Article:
‘Partnering with the Private Sector:’ PIT-UN Panel Focuses on Building Trust Through Public Interest

The private sector can play a vital role by placing public interest at the heart of technology. Panelists at the annual Public Interest Technology University Network (PIT-UN) Convening 2023, held earlier this month at Boston University’s Center for Computing & Data Sciences, discussed how innovation and education can support community well-being while creating profitable, sustainable firms.

The “Partnering with the Private Sector” panel explored how companies can build public interest concerns into their business models, and build trust with the general public.

“Right now, especially in the United States, there's a lack of trust. We just don't know how to build trust at scale,” said Latanya Sweeney, the Daniel Paul Professor of the Practice of Government and Technology, HKS and FAS at Harvard University.

Panelists pointed to artificial intelligence (AI) as a vital area of public trust in technology. “With generative AI, there are a massive number of things that we could do to improve or irreparably harm trust,” said Ish Limkakeng, senior vice president of people, policy, and purpose technology strategy at Cisco. “Probably no one university, company, or government can figure that out.”

Ann Cleaveland, co-chair of the Consortium of Cybersecurity Clinics pointed out the need for many interventions: “People are saying the core concern of cybersecurity is to match the speed of trust with the speed of innovation. And I can't say anyone has a silver bullet for that. It's probably a lot of silver buckshot.”

Panelists suggested public-private partnership strategies such as prioritizing common goals, holding regular check-ins, and maintaining transparency. Alex Baldenko, head of data science at MassMutual, warned against going too far too fast by doing something like asking for data sharing on day one. “It's like going on a first date and asking to share bank accounts,” he said.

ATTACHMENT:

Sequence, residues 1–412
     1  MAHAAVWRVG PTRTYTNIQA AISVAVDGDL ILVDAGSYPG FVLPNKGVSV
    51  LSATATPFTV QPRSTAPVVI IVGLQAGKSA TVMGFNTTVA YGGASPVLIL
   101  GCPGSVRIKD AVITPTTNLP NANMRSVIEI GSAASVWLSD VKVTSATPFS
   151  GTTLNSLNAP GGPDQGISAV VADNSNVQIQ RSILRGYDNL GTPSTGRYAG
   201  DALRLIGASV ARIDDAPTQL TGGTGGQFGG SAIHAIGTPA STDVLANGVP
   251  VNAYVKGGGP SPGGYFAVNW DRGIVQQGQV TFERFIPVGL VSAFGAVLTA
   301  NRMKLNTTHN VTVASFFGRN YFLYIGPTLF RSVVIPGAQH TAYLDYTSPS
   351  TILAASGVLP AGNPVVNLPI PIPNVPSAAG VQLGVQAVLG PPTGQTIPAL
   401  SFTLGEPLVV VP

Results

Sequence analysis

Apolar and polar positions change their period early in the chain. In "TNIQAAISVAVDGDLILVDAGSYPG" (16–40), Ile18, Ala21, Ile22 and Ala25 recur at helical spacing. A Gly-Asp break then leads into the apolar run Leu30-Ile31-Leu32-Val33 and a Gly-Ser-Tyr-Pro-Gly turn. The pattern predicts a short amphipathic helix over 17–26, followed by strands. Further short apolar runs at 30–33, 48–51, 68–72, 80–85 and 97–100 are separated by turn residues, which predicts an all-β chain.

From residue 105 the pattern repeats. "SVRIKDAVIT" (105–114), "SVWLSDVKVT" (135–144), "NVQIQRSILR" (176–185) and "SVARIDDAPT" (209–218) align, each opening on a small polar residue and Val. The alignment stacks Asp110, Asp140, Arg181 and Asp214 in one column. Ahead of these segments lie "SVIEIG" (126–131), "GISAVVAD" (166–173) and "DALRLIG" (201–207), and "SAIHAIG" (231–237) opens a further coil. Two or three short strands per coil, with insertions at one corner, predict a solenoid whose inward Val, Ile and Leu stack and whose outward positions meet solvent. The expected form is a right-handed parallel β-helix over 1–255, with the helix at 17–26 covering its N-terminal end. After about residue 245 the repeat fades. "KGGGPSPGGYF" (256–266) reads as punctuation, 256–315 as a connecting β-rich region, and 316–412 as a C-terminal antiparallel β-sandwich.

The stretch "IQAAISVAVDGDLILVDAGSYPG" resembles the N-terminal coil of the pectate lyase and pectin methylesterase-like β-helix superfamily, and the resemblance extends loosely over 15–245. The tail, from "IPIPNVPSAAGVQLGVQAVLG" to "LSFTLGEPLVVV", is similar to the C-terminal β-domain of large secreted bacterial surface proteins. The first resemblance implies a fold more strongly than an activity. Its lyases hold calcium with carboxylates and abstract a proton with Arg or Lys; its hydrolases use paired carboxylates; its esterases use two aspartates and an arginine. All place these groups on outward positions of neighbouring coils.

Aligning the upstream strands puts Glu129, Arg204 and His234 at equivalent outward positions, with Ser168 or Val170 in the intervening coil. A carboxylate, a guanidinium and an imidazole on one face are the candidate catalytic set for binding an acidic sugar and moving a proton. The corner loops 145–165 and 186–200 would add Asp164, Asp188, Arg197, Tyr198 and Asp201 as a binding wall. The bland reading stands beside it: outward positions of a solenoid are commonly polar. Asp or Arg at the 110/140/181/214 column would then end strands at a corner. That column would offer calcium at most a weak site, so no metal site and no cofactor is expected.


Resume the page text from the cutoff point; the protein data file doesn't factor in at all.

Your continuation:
Carlos Genatios, director of engineering and technology and theGeographic Information Systems for Environmental Awareness and Community Engagement program at Miami Dade College, said partners often have more in common than they realize. He suggested asking each other, “How can we relate? How are we delivering some good for humanity, for the people?”

Ultimately, the goal of PIT practitioners and educators is to “be the translators of policy and implications on society” and to “stay ahead of the curve,” said moderator Shanna Crumley, director of impact data science at MasterCard Center for Inclusive Growth.

About PIT-UN: Boston University (BU), in partnership with New America’s PIT program, proudly hosted the annual Public Interest Technology University Network (PIT-UN) Convening 2023 on October 12-13, 2023, at the newly constructed Center for Computing & Data Sciences, 665 Commonwealth Ave., Boston, MA 02215.

Organized around the theme of Partnership for Impact, the 2023 Convening explored how universities can partner with government, companies, universities, and community organizations to foster public interest technology and address modern challenges.

Toni Fitzgerald, CDS Contributor